Adjournment: Relic of the Past
Anyone here remember adjournments? My chess career started near the end of those days, but I did get to experience a handful before they went away forever. What I really liked about adjournments is that I had at least a shot at really understanding what was going on in a position. With all the time in the world and without a ticking clock, chess is a different game. As in correspondence chess, we have a slightly better chance of getting to chess truth during an adjournment than we do "over-the-board." Of course, adjournment is still a different animal from correspondence as in adjournment we're preparing to go back to battle "over-the-board" (good memory is helpful) and we're free to use computer analysis during the adjournment period. Adjournments have gone the way of daytime World Series games, but, being a tad of a sentimentalist, I miss them.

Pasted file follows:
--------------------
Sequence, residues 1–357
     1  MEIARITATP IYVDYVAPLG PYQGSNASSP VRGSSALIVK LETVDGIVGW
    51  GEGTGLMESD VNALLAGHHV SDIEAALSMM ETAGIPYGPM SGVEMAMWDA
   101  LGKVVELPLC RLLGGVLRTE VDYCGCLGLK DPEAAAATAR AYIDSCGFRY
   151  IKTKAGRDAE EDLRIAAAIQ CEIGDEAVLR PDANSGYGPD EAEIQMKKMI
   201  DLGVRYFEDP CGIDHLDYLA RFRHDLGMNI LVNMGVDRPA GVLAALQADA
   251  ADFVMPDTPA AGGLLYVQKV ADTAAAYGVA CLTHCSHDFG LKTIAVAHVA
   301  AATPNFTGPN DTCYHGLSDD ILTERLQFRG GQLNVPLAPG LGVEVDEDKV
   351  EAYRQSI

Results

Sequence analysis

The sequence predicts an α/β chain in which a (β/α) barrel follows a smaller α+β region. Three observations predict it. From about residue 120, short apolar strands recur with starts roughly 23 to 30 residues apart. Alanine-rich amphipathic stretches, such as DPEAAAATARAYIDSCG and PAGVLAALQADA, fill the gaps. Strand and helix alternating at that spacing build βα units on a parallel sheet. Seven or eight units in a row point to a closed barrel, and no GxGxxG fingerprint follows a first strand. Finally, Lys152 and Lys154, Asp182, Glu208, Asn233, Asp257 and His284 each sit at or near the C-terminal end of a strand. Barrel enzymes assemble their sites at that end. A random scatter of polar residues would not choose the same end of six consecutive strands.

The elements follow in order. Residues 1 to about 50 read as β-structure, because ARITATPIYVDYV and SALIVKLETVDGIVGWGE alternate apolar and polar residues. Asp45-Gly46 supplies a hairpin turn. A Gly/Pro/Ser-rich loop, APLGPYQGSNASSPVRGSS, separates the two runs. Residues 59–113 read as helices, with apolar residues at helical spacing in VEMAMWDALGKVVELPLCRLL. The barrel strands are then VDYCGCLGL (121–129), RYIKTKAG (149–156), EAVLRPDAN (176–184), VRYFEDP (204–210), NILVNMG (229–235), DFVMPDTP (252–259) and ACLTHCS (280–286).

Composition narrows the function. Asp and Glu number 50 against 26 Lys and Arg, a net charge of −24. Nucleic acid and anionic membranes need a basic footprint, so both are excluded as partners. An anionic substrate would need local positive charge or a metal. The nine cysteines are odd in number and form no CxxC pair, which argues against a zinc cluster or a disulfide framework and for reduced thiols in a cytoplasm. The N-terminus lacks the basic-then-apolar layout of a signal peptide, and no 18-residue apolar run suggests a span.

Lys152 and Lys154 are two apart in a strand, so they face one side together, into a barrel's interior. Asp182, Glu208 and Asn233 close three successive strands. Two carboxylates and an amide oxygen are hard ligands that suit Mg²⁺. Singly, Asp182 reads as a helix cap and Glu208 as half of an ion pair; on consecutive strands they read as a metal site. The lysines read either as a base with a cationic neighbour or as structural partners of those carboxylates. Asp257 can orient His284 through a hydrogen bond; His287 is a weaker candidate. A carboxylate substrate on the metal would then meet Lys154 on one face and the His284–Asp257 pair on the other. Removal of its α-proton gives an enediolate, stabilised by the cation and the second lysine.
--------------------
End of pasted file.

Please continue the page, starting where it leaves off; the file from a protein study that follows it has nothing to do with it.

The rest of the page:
From the Queens Chess Club's 1999 Futurity, here's a game with the last adjourned position I'll ever have. I had four days to analyze the position after Move 42 before resumption and ended up eating some meals with my chessboard in front of me. Forgive the lengthy analysis at that point, but, as I said, I had four days to contemplate.
And so my four days were spent analyzing possibilities that never happened. You know, I think I don't miss adjournments so much after all.